DEAR ABBY: "Jack" and I were recently married and are now expecting our first child. Unfortunately, what should be a joyous time for us has turned into a battle of wills.
The day we found out I was pregnant, Jack told me if our child is a boy, he wants to name the baby after both his grandfathers, only one of whom is still living. I told him then I didn't care for either name and suggested we compromise by using one as a middle name, and then selecting a first name that we both like.
We learned last week that we are, indeed, going to have a boy. Jack refuses to discuss any other names. He said he has decided "not to be flexible on the subject" and doesn't care if it is fair or if I like it.
His attitude is killing all the joyful anticipation I should be feeling over the birth of our son. He has made it clear that "honoring" his grandfather is more important to him than considering the wishes of his wife -- the mother of his child.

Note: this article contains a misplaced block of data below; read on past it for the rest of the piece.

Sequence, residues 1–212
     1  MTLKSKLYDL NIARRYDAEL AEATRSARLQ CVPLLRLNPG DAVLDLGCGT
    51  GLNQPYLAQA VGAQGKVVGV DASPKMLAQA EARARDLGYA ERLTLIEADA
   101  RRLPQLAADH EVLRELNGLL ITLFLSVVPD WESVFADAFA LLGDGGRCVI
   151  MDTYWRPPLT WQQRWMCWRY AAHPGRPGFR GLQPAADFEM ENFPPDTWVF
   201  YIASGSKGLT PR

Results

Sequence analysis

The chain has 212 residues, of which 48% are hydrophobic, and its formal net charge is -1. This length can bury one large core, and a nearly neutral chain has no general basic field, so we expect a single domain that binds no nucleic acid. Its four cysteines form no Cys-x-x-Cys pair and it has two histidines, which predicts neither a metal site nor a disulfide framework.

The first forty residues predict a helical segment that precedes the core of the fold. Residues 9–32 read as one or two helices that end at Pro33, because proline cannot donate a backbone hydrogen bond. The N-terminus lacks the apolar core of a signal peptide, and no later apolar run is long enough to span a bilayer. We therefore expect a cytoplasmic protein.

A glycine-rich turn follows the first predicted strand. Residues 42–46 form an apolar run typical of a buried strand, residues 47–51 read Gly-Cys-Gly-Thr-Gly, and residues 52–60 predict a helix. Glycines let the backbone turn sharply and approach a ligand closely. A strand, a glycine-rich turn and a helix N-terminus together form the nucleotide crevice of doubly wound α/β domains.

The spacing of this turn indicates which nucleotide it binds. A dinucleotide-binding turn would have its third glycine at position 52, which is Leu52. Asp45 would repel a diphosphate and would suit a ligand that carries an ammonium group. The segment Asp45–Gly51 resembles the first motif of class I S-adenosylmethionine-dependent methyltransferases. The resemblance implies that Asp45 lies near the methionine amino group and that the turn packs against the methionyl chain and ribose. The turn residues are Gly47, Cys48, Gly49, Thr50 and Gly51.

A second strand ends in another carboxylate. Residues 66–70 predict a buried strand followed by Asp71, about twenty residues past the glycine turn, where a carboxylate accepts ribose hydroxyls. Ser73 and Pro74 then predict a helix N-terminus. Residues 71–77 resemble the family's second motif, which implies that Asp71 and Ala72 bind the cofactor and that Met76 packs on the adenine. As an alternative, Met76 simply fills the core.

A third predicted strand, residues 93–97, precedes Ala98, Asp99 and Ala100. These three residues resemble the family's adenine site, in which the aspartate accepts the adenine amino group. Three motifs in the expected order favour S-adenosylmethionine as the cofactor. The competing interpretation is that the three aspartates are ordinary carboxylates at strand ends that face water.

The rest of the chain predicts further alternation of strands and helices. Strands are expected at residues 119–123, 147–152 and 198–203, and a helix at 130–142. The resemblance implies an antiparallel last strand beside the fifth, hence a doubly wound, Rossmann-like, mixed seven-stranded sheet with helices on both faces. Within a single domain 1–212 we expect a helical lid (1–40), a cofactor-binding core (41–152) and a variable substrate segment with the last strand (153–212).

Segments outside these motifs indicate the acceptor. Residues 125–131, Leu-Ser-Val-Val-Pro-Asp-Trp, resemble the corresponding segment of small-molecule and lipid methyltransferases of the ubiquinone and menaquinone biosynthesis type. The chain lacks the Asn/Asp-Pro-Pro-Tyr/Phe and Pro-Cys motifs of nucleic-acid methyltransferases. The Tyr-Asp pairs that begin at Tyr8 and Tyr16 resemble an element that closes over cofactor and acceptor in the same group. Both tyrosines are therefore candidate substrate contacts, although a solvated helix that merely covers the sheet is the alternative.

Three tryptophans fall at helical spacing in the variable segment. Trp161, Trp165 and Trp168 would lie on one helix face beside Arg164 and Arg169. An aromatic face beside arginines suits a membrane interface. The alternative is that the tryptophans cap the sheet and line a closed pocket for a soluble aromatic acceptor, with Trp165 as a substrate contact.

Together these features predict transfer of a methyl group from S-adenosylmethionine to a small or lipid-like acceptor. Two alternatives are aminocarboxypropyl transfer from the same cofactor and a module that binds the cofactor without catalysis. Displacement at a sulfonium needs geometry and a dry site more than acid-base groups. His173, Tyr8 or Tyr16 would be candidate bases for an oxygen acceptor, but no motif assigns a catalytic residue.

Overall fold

I've tried telling him how I feel about naming the baby, and that I won't sign the birth certificate unless our son has a name we both agree on. He says he doesn't care; he'll sign it without me.
Shouldn't I have a say in choosing the name my firstborn will carry for the rest of his life? I can't get my husband to listen to me on the subject. What should I do? -- SAD MOM-TO-BE, WHITTIER, CALIF.
DEAR SAD MOM-TO-BE: It is unfortunate that naming the baby has become a battle of wills. However, there may still be some room for compromise.
Consider agreeing to name the boy after his paternal great-grandfathers, then promptly give the child a nickname. Or, tell your husband that if he names the first child, it's your right to name the second -- and put the agreement in writing.